SOOT IN THE FLUES

Soot in the flues

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We're happy to report that we have quite a few letters again this month and we truly appreciate the efforts of all of our contributors. We're also enjoying the turn in the weather as spring blossoms are all around us as we go to press with this issue. Spring is in the air with all the hopes of a great summer to come fields full of children playing, spring concerts and school activities are everywhere in our local scene. And the spring steamups have begun!

Now on to the mailbox!

LOUIS PATTERSON, 308 W. Frisco, Blackwell, Oklahoma 74631 writes: 'Most people don't know about the Great Race for Time that was held between Winnipeg and Edmonton. It wasn't done on purpose, but rather, through a series of events it happened on the Canadian National Railway System. The event took place about the winter of 1956/1957.

'The Canadian Railway had just been dieselised. One of the new diesels was scheduled to pull train No. 1, the Super Continental, but during the night the temperature dropped to minus-28 degrees. The next morning the new diesel would not start! The diesel fuel had congealed. But they still had one of the CNR's (Canadian National Railway) big, dependable steamers, so Engine No. 6226 was drafted into service to pull train No. 1.

'They backed engine No. 6226 up to the Super Continental, and she headed out of Winnipeg fifty minutes late. The engineer had her highballing down the track; all the while the fireman was working hard trying to keep steam pressure up, while the extremely frigid temperature was sucking heat from the boiler. To make a long story short, No. 6226 pulled into Edmonton with her whistle blowing constantly, because they made it to Edmonton on time! That is just one of the many reasons they call the big Northern-type steamers dependable!'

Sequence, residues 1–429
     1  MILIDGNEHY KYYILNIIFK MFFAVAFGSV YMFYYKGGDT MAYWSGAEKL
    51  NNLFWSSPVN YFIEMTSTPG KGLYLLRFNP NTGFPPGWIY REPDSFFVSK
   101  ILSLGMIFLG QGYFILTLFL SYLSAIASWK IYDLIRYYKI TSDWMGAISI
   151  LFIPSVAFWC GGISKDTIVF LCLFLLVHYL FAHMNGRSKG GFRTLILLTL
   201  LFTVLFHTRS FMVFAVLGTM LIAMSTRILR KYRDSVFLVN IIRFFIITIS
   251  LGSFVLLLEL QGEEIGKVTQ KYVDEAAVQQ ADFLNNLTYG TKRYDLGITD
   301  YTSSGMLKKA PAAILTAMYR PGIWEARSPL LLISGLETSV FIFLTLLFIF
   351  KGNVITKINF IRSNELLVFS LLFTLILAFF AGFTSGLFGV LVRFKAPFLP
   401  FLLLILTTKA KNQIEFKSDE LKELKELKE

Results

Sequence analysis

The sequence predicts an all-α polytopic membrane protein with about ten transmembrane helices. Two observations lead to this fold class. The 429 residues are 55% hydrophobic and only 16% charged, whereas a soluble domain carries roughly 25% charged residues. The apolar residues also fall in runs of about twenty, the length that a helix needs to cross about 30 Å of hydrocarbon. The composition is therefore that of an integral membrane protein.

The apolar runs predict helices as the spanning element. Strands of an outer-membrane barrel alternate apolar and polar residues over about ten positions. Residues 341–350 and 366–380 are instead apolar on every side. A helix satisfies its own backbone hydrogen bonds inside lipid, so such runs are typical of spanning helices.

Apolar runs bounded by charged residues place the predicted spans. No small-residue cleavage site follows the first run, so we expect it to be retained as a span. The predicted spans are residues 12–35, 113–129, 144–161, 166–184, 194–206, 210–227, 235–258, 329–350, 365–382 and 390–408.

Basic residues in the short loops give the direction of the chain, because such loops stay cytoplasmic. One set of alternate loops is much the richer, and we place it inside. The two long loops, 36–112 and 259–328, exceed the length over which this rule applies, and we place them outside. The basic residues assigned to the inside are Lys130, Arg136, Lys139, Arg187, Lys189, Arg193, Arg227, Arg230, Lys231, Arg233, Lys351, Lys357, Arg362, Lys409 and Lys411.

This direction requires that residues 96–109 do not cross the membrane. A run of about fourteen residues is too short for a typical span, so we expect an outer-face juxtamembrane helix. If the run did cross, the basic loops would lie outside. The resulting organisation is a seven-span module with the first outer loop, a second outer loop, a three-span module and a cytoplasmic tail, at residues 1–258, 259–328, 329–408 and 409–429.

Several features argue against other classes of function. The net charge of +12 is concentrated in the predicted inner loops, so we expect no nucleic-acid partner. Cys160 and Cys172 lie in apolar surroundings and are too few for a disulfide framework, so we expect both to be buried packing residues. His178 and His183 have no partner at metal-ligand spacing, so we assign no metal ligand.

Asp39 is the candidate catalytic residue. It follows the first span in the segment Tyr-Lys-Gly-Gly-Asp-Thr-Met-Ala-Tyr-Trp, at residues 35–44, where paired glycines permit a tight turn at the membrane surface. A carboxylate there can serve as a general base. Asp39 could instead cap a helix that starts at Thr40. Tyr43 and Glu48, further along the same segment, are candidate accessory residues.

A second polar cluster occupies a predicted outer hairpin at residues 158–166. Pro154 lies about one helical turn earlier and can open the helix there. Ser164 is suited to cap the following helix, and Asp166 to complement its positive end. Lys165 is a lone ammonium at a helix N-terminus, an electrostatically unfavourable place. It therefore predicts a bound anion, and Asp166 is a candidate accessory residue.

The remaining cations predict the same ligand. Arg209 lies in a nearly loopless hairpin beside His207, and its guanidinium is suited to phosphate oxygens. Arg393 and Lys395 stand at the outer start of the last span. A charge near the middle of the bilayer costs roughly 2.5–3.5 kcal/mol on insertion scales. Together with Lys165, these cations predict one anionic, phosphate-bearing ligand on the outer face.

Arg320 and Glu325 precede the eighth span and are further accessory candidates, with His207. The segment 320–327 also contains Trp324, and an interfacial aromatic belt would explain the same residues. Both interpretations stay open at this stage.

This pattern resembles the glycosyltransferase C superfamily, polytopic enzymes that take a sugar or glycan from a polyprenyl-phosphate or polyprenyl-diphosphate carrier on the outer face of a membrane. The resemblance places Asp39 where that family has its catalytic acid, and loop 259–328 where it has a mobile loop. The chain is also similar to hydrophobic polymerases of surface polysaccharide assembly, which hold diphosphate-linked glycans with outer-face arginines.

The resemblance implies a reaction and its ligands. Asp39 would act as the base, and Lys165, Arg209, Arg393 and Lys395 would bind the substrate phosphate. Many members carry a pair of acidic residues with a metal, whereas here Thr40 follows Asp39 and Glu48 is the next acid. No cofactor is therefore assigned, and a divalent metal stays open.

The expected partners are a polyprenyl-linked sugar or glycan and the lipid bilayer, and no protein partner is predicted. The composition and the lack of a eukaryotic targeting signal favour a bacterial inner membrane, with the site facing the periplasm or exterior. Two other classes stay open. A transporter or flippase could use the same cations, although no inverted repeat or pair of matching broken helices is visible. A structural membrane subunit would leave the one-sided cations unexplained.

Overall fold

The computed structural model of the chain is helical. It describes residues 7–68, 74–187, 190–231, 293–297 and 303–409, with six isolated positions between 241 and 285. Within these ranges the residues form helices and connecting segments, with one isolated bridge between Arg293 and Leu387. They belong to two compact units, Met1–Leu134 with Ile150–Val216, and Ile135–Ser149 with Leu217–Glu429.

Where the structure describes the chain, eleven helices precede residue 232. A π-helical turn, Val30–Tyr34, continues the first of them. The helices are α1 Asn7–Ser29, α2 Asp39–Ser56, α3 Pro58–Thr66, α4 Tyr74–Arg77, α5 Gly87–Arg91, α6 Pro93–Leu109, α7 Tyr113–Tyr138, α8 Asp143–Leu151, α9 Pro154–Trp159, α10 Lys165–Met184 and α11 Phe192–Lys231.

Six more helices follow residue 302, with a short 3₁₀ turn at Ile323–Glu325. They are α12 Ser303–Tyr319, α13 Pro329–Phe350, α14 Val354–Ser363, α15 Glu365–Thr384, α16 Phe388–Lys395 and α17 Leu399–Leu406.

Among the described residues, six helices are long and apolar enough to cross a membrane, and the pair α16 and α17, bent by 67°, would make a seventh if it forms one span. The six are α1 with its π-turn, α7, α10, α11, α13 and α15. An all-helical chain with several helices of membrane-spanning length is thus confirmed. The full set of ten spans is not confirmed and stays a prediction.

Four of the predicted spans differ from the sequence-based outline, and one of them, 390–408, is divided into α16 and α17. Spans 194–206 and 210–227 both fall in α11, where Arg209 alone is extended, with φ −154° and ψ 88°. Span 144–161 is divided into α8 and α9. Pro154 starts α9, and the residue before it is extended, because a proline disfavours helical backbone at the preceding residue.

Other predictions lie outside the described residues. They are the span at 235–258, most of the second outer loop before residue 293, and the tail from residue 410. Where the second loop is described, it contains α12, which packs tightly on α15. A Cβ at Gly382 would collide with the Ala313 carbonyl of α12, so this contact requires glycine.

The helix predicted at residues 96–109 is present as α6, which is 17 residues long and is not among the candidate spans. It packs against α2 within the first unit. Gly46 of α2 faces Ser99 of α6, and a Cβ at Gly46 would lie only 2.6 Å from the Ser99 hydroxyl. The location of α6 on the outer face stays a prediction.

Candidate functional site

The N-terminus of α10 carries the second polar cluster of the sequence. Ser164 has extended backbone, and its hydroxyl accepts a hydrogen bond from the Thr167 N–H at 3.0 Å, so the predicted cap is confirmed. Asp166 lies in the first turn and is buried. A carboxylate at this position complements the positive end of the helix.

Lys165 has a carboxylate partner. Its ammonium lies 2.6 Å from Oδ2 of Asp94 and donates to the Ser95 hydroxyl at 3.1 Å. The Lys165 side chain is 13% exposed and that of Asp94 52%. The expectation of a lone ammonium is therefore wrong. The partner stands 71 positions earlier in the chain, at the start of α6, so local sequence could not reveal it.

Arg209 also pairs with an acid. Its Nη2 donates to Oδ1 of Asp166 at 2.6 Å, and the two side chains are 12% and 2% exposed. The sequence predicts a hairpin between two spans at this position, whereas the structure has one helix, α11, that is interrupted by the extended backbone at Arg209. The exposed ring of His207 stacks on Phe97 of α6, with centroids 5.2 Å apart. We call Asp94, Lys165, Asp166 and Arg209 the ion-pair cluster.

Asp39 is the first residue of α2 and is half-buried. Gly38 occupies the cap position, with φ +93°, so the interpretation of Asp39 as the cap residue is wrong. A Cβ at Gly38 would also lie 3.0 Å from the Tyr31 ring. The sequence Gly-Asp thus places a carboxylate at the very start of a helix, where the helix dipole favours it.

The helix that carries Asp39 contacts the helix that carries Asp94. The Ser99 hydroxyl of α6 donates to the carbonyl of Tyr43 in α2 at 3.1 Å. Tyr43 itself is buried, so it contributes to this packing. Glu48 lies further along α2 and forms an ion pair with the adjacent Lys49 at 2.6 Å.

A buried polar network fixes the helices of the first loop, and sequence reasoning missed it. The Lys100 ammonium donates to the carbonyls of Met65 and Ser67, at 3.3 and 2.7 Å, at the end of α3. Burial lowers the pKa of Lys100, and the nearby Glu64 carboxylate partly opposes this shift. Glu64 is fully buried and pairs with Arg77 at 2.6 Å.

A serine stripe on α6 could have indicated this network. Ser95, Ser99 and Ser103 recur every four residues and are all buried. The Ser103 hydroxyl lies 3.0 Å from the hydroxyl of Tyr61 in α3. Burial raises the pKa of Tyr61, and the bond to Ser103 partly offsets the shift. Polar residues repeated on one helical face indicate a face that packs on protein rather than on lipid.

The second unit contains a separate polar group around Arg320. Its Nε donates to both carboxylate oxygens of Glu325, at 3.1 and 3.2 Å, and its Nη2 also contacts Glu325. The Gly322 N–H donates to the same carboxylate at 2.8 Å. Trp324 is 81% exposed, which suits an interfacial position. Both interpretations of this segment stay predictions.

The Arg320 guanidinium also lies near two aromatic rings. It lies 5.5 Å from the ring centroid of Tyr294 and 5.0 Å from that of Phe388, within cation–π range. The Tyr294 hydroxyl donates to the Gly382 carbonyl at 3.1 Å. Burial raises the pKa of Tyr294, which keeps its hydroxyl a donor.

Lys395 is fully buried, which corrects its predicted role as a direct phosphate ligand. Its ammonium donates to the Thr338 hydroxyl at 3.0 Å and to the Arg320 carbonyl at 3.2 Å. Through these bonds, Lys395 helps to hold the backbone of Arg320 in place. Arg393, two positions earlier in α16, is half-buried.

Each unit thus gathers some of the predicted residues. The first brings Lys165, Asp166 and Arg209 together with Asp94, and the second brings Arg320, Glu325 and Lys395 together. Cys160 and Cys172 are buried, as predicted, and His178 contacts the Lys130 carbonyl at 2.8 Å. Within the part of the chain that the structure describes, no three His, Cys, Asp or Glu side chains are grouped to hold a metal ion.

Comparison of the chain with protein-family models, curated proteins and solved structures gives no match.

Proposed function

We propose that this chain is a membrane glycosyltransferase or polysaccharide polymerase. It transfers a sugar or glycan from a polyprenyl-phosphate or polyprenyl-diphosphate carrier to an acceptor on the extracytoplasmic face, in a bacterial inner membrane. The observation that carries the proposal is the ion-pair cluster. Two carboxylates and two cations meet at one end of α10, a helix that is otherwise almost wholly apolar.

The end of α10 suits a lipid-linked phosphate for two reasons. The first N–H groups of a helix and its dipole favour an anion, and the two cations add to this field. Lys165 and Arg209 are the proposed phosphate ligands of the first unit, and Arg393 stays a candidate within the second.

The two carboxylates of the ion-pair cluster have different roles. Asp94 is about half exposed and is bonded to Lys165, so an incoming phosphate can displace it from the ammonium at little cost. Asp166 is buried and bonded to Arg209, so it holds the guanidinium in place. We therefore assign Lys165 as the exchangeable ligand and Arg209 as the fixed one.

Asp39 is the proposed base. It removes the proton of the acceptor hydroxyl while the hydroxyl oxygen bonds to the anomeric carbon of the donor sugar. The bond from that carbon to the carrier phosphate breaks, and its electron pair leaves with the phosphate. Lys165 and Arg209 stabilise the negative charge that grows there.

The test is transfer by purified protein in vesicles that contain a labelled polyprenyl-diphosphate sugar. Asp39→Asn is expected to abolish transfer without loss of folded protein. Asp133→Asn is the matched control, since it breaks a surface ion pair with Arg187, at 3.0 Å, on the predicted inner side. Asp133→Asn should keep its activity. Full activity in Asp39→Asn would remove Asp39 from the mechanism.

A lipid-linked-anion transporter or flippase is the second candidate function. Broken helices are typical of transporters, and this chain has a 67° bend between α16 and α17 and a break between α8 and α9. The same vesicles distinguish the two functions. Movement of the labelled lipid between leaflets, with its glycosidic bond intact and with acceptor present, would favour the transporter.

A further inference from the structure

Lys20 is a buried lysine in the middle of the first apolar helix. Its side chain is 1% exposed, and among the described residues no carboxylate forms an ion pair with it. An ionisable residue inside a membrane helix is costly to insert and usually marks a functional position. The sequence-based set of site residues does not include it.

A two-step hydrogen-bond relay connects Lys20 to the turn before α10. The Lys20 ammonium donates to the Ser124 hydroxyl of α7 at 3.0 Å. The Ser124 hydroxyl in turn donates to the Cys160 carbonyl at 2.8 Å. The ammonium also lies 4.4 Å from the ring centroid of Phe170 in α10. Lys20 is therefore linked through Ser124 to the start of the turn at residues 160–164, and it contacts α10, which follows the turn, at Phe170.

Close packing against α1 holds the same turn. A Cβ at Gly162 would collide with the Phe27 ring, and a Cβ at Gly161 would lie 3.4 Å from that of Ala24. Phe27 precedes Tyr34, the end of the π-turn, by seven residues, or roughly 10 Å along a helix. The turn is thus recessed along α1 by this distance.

This was 'scribbled by' RALPH KELLY, 1144 North 750 W, Kokomo, Indiana 46901: 'I enjoyed Mr. Mix's article about Harry Woodman-see and all the other stories about him. This is an incident I have never seen mentioned. It happened at the Jim Whitbey show at Fort Wayne, Indiana, many years ago. Harry did his hill climb and belting up blindfolded act. There were two younger fellows attempting to balance an engine on the teeter-totter planks. They never got close to a balance and finally gave up, backed the engine off and let it sit. The announcer said, 'Harry, show them young fellows how that's done.' Harry got on, drove the engine on the teeter planks, stopped the engine, got off and as Harry started to walk away, the front end of the engine started to slowly settle down and when it came to a balance position it stopped. Harry had a broad grin on his face and gave a puff on his pipe as he walked away with the engine balanced on the teeter-totter.

'Bill Anderson on Grand Ole Opry of WSM Nashville, sings a song about an old fiddle player, called 'The Trick of A Master's Hand!' I think that title could apply to Harry operating an engine.

'The week before, Charlie Morris asked directions as he and his family wanted to go to the show. I told him to turn on Carroll Road and he would come to it. Later in the day I saw him there and he said, 'We followed you for a short distance.' He told his boy to 'Follow that Dodge up ahead' (my wife had a Dodge Dart at that time), but he said, 'We lost you at the traffic lights.' I told him it was a good thing he lost the Dodge because we came in my IHC pickup truck.